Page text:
• Data (hidden states) use
scale = 127
, and
shift = 128
.
• Weights use
scale = 63 / W_max
, where
W_max
is .
1.2. Processors with the Intel DL Boost Support
System examples: Intel Xeon Scalable processor x2xx series (formerly Cascade Lake).
Intel DL Boost brings the
VPDPBUSD
instruction , which enables computing the sum of four products of s8 and u8 values. This instruction performs same computations as the sequence of
instructions shown above, but with the major difference that the intermediate overflow and saturation cannot occur.
In other words,
VPDPBUSD
enables you to exactly compute:
``````// Want to compute:
// c_s32 += sum{i=0..3}(a_u8[i] * b_s8[i])
int32_t u8s8s32_compute_avx512_dl_boost(
uint8_t a_u8, int8_t b_s8, int32_t c_s32) {

// Compute using VPDPBUSD:
c_s32 +=
(int32_t)a_u8 * (int32_t)b_s8 +
(int32_t)a_u8 * (int32_t)b_s8 +
(int32_t)a_u8 * (int32_t)b_s8 +
(int32_t)a_u8 * (int32_t)b_s8;

return c_s32;
}``````
Since the instruction always computes the result accurately, no special tricks are required, and operations follow the semantics shown above.
2. Inputs of the same type: s8
As mentioned above, with the current instruction set it is impossible to multiply and add two vectors of the s8 data type as efficiently as it is for the mixed case. However, in real-world applications the inputs are typically signed.
To overcome this issue, oneDNN employs a trick: at run-time, it adds 128 to one of the s8 input to make it of type u8 instead. Once the result is computed, oneDNN subtracts the extra value it added by replacing the s8 with u8. This subtracted value sometimes referred as a compensation.
Conceptually the formula is: where:
• , and
• is a compensation.
Since s8/s8 implementations are based on u8/s8 ones, the performance of the former might be slightly lower than the latter. The difference might vary depending on the problem sizes, hardware, and environment, but is expected to be in a range from 0% to 15% in most cases.
Since s8/s8 implementations are based on u8/s8 ones, they have the same potential issue with overflow/saturation when the Intel AVX2 or Intel AVX512 Instruction Set is used. The difference between the expected and actual results might be much greater though in this case. Consider the following example:
``````int8_t  a_s8 = {127, 127, 0, 0};
int8_t  b_s8 = {127, 127, 0, 0};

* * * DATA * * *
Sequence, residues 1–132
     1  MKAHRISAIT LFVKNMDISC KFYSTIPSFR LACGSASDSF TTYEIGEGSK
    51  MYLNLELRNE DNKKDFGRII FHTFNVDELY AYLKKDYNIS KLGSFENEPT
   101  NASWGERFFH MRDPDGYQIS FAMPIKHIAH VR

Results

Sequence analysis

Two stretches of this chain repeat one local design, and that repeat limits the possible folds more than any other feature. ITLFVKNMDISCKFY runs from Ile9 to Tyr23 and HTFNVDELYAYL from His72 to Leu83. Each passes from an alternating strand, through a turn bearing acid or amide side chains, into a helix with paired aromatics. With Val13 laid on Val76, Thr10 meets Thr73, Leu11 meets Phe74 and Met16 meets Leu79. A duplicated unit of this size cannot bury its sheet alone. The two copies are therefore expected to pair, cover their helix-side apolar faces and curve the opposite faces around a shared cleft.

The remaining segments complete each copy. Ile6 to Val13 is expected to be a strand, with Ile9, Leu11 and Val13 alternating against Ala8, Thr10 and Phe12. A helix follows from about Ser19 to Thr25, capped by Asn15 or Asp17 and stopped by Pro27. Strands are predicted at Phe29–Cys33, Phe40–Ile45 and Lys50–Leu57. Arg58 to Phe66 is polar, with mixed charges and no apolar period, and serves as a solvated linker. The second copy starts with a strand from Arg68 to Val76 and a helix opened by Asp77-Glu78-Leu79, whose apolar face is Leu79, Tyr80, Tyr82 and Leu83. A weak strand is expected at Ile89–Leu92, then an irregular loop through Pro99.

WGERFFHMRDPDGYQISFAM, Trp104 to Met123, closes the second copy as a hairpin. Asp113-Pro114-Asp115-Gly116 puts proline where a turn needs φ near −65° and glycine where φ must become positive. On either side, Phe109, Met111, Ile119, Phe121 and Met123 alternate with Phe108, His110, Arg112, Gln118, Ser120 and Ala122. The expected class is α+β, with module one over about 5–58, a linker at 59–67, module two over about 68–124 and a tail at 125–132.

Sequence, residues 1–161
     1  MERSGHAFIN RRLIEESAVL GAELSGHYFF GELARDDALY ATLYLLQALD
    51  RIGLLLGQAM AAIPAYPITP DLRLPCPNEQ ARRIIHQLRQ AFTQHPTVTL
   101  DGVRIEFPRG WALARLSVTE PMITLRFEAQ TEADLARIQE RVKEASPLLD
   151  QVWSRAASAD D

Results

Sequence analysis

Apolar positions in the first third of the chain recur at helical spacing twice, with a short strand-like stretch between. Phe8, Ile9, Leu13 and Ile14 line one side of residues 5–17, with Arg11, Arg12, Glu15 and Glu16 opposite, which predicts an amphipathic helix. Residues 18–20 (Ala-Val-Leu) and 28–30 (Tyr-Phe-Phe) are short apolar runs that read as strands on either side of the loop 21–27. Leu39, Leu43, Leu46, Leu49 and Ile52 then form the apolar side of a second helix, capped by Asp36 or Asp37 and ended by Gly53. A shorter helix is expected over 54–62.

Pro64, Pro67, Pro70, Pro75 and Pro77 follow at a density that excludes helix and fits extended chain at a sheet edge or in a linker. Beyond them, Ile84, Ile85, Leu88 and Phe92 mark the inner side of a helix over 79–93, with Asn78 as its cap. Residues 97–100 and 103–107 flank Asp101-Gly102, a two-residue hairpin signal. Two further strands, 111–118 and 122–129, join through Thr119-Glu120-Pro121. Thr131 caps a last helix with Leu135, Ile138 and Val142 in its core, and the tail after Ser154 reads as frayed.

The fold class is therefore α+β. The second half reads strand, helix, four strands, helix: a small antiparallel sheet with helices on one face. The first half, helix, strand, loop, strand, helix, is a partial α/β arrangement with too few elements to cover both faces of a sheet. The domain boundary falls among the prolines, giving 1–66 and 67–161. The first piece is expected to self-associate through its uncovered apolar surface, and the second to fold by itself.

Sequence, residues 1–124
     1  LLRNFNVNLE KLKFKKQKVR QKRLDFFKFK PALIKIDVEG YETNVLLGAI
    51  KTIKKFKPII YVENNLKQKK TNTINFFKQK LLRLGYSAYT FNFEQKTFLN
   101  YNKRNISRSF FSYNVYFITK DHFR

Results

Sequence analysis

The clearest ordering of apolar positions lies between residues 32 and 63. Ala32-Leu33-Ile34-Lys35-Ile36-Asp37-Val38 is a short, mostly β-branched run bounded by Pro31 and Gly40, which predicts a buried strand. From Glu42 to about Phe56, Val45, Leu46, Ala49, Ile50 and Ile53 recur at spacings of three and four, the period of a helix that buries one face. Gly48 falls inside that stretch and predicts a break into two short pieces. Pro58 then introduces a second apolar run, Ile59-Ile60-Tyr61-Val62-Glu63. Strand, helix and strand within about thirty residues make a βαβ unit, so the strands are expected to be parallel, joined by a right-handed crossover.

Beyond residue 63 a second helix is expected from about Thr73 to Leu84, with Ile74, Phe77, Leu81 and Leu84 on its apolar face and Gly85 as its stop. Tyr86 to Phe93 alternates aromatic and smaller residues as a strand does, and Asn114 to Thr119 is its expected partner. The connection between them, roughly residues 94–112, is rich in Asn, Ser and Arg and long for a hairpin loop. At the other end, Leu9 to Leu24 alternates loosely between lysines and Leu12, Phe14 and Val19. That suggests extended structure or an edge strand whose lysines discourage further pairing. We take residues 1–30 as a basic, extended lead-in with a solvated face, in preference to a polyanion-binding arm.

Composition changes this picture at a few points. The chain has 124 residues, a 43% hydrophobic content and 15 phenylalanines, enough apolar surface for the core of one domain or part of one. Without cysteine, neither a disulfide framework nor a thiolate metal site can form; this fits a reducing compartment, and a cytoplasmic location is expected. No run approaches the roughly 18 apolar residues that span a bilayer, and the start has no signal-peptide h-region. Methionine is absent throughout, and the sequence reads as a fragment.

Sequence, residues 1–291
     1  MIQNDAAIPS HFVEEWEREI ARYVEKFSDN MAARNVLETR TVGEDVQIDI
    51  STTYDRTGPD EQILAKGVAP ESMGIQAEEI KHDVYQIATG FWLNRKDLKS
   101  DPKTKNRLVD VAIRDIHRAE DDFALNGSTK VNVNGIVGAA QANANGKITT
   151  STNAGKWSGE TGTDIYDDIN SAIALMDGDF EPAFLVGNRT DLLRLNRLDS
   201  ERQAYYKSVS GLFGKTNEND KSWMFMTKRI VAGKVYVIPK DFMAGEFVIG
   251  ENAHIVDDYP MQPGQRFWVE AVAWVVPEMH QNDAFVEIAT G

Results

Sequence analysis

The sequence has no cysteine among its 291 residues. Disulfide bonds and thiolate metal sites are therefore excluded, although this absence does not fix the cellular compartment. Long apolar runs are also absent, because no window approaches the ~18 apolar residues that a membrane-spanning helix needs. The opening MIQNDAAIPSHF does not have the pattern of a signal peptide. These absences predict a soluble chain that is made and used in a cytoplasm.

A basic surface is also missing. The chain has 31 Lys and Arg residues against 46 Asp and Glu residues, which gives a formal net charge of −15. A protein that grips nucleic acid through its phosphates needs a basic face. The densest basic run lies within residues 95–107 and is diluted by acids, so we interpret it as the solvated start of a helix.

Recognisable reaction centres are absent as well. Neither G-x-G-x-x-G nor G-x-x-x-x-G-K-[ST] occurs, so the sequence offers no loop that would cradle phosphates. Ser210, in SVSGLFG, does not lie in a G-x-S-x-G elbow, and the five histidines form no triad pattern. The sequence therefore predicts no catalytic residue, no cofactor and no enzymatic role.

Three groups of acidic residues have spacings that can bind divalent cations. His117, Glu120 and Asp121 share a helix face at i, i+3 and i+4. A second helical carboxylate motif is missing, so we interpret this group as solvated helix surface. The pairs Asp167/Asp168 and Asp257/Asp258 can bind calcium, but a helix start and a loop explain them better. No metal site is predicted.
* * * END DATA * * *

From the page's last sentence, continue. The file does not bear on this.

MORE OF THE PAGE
int32_t c_s32 = 0;

// s8s8 the uses u8s8
auto s8s8s32_compute = [](int8_t a_s8, int8_t b_s8, int32_t c_s32) {
uint8_t a_u8 = { 128 + a_s8, ...};
c_s32 = u8s8s32_compute(a_u8, b_s8, c_s32);

// apply the compensation
c_s32 +=
- 128 * b_s8
- 128 * b_s8
- 128 * b_s8
- 128 * b_s8;

return c_s32;
};

c_s32 = s8s8s32_compute(a_s8, b_s8, c_s32);
// c_s32 = 255
//       = 32767 - 128 * (127 + 127 + 0 + 0);
// While one might expect 32258 !!!``````
Note that processors with no support of the Intel AVX2 and Intel AVX512 Instruction Set or with support of the Intel DL Boost Instruction Set are not affected by these issues due to the reasons described in 1. Inputs of mixed type: u8 and s8 section above.
Different primitives solve the potential overflow differently. The overview of the implementations are given below:
1. Convolution primitive. The source is treated as
X_s8
, which would be shifted during the execution. The compensation is precomputed by a reorder during quantization of the weights, and embedded into them. Finally, when the Intel AVX2 or Intel AVX512 Instruction Set is used the reorder additionally scales the weights by 0.5 to overcome the potential overflow issue. During the convolution execution, the result would be re-scaled back. This rescaling introduces an error that might insignificantly affect the inference accuracy (compared to a platform with the Intel DL Boost Instruction Set).
2. s8/s8 GEMM (dnnl_gemm_s8s8s32()) does nothing to handle the overflow issue. It is up to the user to prepare the data so that the overflow/saturation does not occur. For instance, the user can specify s7
[-64, 63]
instead of s8 for the second input.
It would not be enough to use s7
[-64, 63]
for the first input. The only possible way to avoid overflow by shrinking the range of the first input would be to use the range
[-128, -1]
, which is most likely meaningless.
3. The inner product primitive directly calls s8/s8 GEMM, so it inherits the behavior of the latter. The user should consider using the appropriate scaling factors to avoid potential issues.
4. The RNN primitive does not support s8/s8 inputs.

## GPU

See Data Types for details of int8 data type support on GPU.

## References

 Intel(R) Architecture Instruction Set Extensions and Future Features Programming Reference. 319433-037 May 2019. Chapter 2.1. VPDPBUSD — Multiply and Add Unsigned and Signed Bytes.
 Rodriguez, Andres, et al. “Lower numerical precision deep learning inference and training.” Intel White Paper (2018).

#### Product and Performance Information

1

Performance varies by use, configuration and other factors. Learn more at www.Intel.com/PerformanceIndex.